Before getting into the details, by the way, we talk a lot about AWS on our weekly podcast Mobycast.
Over the years as Kelsus and it’s employees have developed applications, we’ve walked the path from on-premises cluster installations, to hosted virtual machine deployments on Rackspace, to platforms as a service like Heroku, and Google App Engine. We’ve finally landed on AWS and containerized Docker deployments on ECS. We’ve not seen anything with a better balance of customizability and developer productivity. As such, we’ve begun climbing the ladder of the AWS tiered partnership model and are committed to performing the highest level of AWS quality work possible.
AWS IAM is nothing more than the user management feature of AWS. You almost can't use AWS without touching IAM. That said, it's sophisticated, endlessly configurable, and easy to use without paying attention to security best practices. Kelsus always makes sure that all users including software agents have their own IAM accounts and we use accounts with appropriate privileges rather than wide open privileges at all times.
If you've ever dealt with SSL certificates outside of AWS you know that it's a pain. You have to buy the certificate, then do a strange dance between email and websites to actually get the certificate and then deploy it which varies by load balancer or web server. AWS Certificate Manager can turn this whole process into under 2 minutes of effort.
Kelsus typically uses CloudFront to deploy static content for websites in cases where there are many users distributed across the country or world. The nice thing about CloudFront is that it include an instant invalidation feature so no more 'waiting for the CDN to propagate' when updating content.
ETL (extract, transform, and load) is a very common point of failure in enterprise applications. Data gets stuck because some unexpected data enters the ETL process and no one notices that the OLAP DB is out of date until it's a problem. AWS Data Pipeline makes the whole process more transparent, easy to troubleshoot, and easy to monitor with CloudWatch.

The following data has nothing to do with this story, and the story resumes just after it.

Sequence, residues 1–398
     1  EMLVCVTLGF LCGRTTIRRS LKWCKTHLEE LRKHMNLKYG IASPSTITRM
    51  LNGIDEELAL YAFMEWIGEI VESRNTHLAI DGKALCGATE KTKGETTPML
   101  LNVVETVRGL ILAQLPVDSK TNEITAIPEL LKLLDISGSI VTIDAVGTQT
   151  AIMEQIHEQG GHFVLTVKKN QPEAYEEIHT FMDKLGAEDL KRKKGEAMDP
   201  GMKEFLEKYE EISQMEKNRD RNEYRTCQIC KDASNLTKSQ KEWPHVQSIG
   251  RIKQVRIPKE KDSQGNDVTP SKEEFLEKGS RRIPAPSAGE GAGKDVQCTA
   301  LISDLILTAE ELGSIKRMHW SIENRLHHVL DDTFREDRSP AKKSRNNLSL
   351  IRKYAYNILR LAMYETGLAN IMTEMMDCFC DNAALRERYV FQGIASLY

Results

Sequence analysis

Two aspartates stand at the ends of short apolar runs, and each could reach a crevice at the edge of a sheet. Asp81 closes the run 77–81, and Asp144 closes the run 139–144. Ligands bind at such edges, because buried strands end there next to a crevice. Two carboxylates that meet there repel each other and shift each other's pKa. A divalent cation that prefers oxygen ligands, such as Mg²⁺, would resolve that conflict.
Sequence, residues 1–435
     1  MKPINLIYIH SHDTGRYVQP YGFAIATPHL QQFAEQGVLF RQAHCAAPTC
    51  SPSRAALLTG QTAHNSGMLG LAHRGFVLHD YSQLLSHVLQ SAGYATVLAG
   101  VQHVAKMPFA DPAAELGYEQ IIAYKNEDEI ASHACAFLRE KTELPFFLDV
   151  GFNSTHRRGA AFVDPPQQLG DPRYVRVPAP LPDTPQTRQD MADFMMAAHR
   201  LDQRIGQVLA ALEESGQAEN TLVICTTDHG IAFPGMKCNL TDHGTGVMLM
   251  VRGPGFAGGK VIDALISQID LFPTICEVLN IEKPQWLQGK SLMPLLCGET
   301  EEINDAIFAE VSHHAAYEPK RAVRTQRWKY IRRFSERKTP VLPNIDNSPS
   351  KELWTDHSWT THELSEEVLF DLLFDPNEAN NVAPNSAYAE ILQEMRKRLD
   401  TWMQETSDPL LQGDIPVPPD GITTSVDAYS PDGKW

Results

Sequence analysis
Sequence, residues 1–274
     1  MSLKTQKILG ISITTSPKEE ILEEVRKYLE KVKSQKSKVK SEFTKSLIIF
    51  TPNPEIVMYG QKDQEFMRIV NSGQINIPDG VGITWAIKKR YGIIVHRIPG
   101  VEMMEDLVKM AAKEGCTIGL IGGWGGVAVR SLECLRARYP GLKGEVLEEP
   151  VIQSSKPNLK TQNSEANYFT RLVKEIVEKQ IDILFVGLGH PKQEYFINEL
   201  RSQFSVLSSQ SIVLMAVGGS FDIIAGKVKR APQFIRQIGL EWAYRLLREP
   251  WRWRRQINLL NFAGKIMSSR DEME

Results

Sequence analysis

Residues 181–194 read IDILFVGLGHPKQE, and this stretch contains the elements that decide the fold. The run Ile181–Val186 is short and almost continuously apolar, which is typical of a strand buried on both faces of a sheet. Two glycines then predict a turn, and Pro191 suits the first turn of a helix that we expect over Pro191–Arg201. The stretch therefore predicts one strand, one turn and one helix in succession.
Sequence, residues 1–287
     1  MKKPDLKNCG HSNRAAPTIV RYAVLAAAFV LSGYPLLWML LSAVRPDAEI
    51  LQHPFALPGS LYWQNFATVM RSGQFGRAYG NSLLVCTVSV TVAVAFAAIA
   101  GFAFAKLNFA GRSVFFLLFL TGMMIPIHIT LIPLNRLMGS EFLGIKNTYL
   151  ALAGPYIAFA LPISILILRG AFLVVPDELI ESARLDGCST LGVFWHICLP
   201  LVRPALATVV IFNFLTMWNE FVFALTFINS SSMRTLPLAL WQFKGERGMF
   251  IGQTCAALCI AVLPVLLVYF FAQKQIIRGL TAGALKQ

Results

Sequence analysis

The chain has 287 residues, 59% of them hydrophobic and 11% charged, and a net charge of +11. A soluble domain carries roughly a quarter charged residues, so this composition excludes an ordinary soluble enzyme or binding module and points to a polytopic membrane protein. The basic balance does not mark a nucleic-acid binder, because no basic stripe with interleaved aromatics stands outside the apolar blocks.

EC2 is the original core services of AWS and underlies almost everything Kelsus does on AWS. If code is getting run, it happens on EC2. We rarely use bare EC2 instances anymore because ECS does a great job of commissioning and decommissioning compute resources as needed.
If you use Docker and AWS, then ECS is an obvious choice. It's as efficient and nearly as flexible (within AWS) as Kubernetes. It makes things easy for a competent devops team. Kelsus has been using it for all new applications and is working to migrate older applications to it.
Kelsus uses elastic load balancing not just for scaling but for very easy to manage SSL deployment and in some cases for path-based routing when we want different paths in a URL to point to different microservices or applications.
There are times when a very fast key-value store either in-memory or on disk comes in handy. Whenever the need arises, Kelsus uses Redis via ElastiCache. By keeping the Redis installation inside AWS and managed by AWS on a private VPC, issues of security and monitoring -- which can be a problem with self-hosted Redis -- go away.
Amazon Neptune is a fast, reliable, fully-managed graph database service that makes it easy to build and run applications that work with highly connected datasets. The core of Amazon Neptune is a purpose-built, high-performance graph database engine optimized for storing billions of relationships and querying the graph with milliseconds latency.
Kelsus urges all customers toward Postgres. It's the best database in the world. And since we're already in AWS, using postres inside RDS is a foregone conclusion. RDS takes care of some of the mundane tasks of scheduled backup and recovery and it also makes high multi-zone availability as easy as a button click.
Read anything about Redshift recently and what you'll find is that data scientists, BI experts, and data warehouse managers of all kinds praise it as a game changer in speed and performance. The only downside ever mentioned is that it's only available on AWS. Kelsus, though, is sold on AWS for the long term, and we believe in it's reliability and performance for your data.
If you've ever used another DNS provider, and god forbid GoDaddy, then tried Route 53, you know it's so superior that it's almost laughable. It also has the added benefit that if you're using AWS load balancers, they'll show up automatically in drop downs for CNAME records.
If there are any photos, videos or data files that need to be kept safely for your project, Kelsus will naturally put them in S3. It's 99.999999999% durability is good enough durability. It's also extremely secure when combined with AWS-KMS, so we use it to securely store deployment secret keys and passwords for APIs that your system needs to talk to. Less experienced dev shops often end up putting these in code in clear text.
Kelsus used to point clients in the direction of sendgrid for transaction email sending and management. Now, though, SES offers better pricing, control, and deliverability. Not to mention that since it's already on AWS, connecting to it from other AWS systems is extremely easy.
The Kelsus journey with push notifications started with us writing our own server-side code for push notificaitons, then we moved to Parse when it became available. These days, the easiest and best choice is AWS's SNS. It offers all the capability and control we need with the added benefit of compatibility and security with other AWS services.
AWS networking is endlessly flexible. Best practices dictate that you should keep your application servers and databases in private VPCs that are not accessible from the internet. Kelsus definitely follows these security practices and has taken over projects more than once from software shops that did not.